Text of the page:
Maharashtra has been a leading state in India, having maximum public charitable trusts and N.G.O.s being registered since the last ten years. Presently in Maharashtra there are about 7,50,000 public charitable trusts and charitable societies which are in the form of N.G.O.s, educational institutes, charitable hospitals, secular institutes, sports institutes, religious institutes, etc.
As per the rough calculation, every day about 750 new public trusts and charitable organisations are registered in Maharashtra, with various charitable objects.
This trend has shown fruitful results that a lot many governmental functions are carried out or helped to be carried out through these voluntary organisations and N.G.O.s. There is a huge spread of work in the fields of education, health, medical aid, irrigation, and many other social fields where these voluntary organisations/ N.G.O.s have played a key rôle without taking much help and support from the government.
The tendency of the people is also prone in forming and registering public trusts and working for the society. These public trusts, voluntary organisations and N.G.O.s are registered under the Societies Registration Act 1860 and the Maharashtra Public Trusts Act 1950 in Maharashtra.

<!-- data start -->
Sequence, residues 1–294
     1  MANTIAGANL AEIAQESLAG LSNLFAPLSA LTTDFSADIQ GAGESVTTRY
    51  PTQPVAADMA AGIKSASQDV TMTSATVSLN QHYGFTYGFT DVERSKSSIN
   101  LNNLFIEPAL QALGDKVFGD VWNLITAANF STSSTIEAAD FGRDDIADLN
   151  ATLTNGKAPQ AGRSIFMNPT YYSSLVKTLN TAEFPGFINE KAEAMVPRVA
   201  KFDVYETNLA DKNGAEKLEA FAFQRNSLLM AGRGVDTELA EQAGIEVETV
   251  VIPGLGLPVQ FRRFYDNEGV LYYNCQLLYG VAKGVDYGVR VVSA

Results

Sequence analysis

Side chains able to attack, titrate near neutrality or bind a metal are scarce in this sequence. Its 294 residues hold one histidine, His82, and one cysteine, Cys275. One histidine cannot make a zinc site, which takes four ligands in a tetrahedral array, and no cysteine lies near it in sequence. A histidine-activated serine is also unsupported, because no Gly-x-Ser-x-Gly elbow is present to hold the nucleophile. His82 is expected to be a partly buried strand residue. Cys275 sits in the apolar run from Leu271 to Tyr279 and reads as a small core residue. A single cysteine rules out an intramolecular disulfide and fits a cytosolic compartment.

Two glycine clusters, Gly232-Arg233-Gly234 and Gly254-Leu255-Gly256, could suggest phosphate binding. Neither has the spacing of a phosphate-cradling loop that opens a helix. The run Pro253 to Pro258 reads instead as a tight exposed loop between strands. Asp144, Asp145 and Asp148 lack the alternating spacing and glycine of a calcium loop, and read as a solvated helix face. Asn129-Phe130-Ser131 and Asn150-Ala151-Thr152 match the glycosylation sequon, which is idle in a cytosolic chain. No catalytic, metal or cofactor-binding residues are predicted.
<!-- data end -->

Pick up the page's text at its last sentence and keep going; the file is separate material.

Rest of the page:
Both these Acts have provided various mandatory requirements, noncompliance of which warrant even criminal liability against the trustees.
However, it has been a common experience that people who are very much interested in formation and registration of trust, either are totally ignorant about the further compliances, or do not bother about the importance of the same.
Working as a trustee is an onerous job, and the same is coupled with the responsibility and liability of the compliances of the mandatory requirements.
Initially, for a period of about the first five to six years, these noncompliances may not affect the working of the Trust, but later on, when the Trust starts gaining name, fame, reputation and income, these noncompliances may become serious hurdles and obstacles in the further progress and smooth functioning of the Trust, making the trustees face serious consequences including criminal actions.
In order to avoid the above-mentioned, the trustees must be keen in making the compliances of the mandatory requirements since the time of registration of the Trust, and should see that the compliances are not kept pending, raising clouds of doubt about the working of the trustees.
The Charity Commissioner of Maharashtra, in his speech giving in the workshop on Online Procedures, organised by Progressive Education Society on 24/5/2017, has specifically warned trustees that the Maharashtra Public Trusts Act 1950 is a peculiar Act, where doing nothing itself is an offence for the trustees, and therefore they must do/ act pursuant to the provisions of the Act and keep the compliances up to date, in order to avoid criminal liability. A trustee should bear this in mind.
Lex-Eye Services helps and guides the trustees for compliances of the mandatory requirements and timely submissions at the office of the Charity Commissioner.